To successfully pull off Galvadon, I included Spellbreaker and Rebuke. Remember, taunt is cheat, and as long as there aren't multiple Voidlords on board (which can happen sigh) on turn 7 or 8, 1 is generally enough to break free for lethal. Rebuke helps versus those control decks like Shaman, Warlock, and Warrior, with their large aoe board clears which are now temporarily disabled! Galvadon is such a good finisher, but isn't even essential for victory.

Our late game value:

With Lynessa Sunsorrowand Prince Liam, our late game value has a treasure trove of potential. By the time you play Lynessa Sunsorrow, hopefully your opponent has exhausted most of their removal options dealing with all the stuff you've thrown at them, and can no longer deal with a 7 mana The Ancient One with taunt that when it dies summons 2 steggy bois which also have taunt. They probably won't have a silence left either, but don't rule that out and be very careful when playing her, especially if you've played both copies of Blessing of Wisdom on your minions this game (you will mill yourself to death, be warned). Prince Liam is a surprise success story in this deck, as I mostly included him for the memes. So many games he's given me late game value like Onyxia, Alexstrasza , Marin the Fox, Tirion Fordring, and even a second Lynessa Sunsorrow. He once even made me topdeck lethal with Al'Akir the Windlord once, thanks Prince Liam

Matchups:

Matchups that you are favored in are any aggro deck that tries to get by you. Laugh as their puny minions die to your 10/10 Wild Pyromancer. I haven't faced that many cubelocks, but I've beaten the ones that I've faced, mostly by running them down with my high value minions that are quite resistant to defile and hellfire once they get a few buffs, as this deck can play fairly aggressive if it wants to. It also helps that they are mainly running defensive tools for aggro paladin, so I suspect they might even cut silence and hard removal all together. However in theory if they have the nuts, such as Skull of the Man'ari, Carnivorous Cube combo, and a bunch of demons, you will lose, as they will eventually outvalue you. Warrior is an interesting matchup that I've mostly beaten, but I can see a world in which they win if they have all their board clears, hard removal, silence effects, and finish the quest rapidly. Brawl is especially good at clearing Galvadon, so try and make sure you never play Galvadon without rebuke, or if you won't get lethal with him the next turn. Hand Druid seems to be easy pickings as he generally can't keep up with your board, tho one of my losses came at the hands of a token giant druid, so be be warned. The only two matchups that seem really hard is tempo mage and spiteful priest. This is because board recovery is simply not an option, with tempo mages secrets disrupting your Wild Pyromancer combos, and spiteful priest playing the classic and very balanced 6 mana 16/16 (and yes, 7 mana The Ancient One is balanced I'm not biased in the slightest :) ) as well as having very good early board pressure. They will even steal your Lynessa Sunsorrow away late game with Mind Control! Though these matchups aren't unwinnable, they are difficult and they generally have to draw badly for you to win.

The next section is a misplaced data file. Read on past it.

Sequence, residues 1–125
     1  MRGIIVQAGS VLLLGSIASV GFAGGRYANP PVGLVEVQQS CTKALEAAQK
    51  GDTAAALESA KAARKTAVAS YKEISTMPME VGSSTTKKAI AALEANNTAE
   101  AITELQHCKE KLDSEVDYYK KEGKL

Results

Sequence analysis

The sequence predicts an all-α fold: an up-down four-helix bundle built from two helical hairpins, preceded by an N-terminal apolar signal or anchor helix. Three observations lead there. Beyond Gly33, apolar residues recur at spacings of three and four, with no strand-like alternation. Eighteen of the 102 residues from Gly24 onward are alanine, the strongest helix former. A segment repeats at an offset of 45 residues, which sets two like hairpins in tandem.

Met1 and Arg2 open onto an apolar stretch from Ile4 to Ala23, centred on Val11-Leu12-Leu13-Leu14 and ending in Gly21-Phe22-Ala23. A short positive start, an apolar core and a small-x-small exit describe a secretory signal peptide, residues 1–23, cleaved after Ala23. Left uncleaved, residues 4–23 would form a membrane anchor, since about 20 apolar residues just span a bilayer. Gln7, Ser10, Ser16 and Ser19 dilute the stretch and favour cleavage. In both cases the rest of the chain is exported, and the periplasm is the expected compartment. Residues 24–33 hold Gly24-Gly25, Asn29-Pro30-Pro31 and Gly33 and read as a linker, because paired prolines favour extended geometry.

Mulligans:

Versus aggro:

Keep the quest. This might sound dumb, but especially versus aggro paladin you need Galvadon to finish the game. Truth be told, once your Wild Pyromancer runs out of steam, the paladin will OUTVALUE you, that's just how crazy the deck is. Versus baku hunter it would really be better to get rid of it tho, but since it's your win condition versus spell hunter, it's way too risky to mulligan. Ideal keeps are your 1 drops, Wild Pyromancer, and if you have the one of the former a one mana spell. Running out of cards shouldn't be that much of an issue because of Blessing of Wisdom and Divine Favor helping you out later, since baku paladins sometimes keep decent hand sizes because they hero power so often, tho this is a bit unreliable given they very well might double 1 drop turn 2. Unless you are going second (and therefore have more to mulligan), it's probably inadvisable to keep Paragon of Light, tho in theory it sounds good. This is because unless you have exactly a wolf on turn 2 that survives, you aren't getting immediate value, and if you aren't contesting the board properly by turn 4 and don't have a Wild Pyromancer or Call to Arms lined up, you're pretty much screwed so getting those 1 drops or the cards I just mentioned are really important.

Versus everything else:

Honestly the mulligan is pretty much the same for the other classes. We want to get on the board early and then buff it to hell so the above mulligan strategy is fairly consistent. Versus slower decks, keeping Call to Arms or Divine Favor may be good ideas, but I wouldn't try and actively mulligan for them if I have my 1 drop 1 mana spell combo.  

In conclusion, in addition to being competitively viable this is a very fun deck to play, enjoy!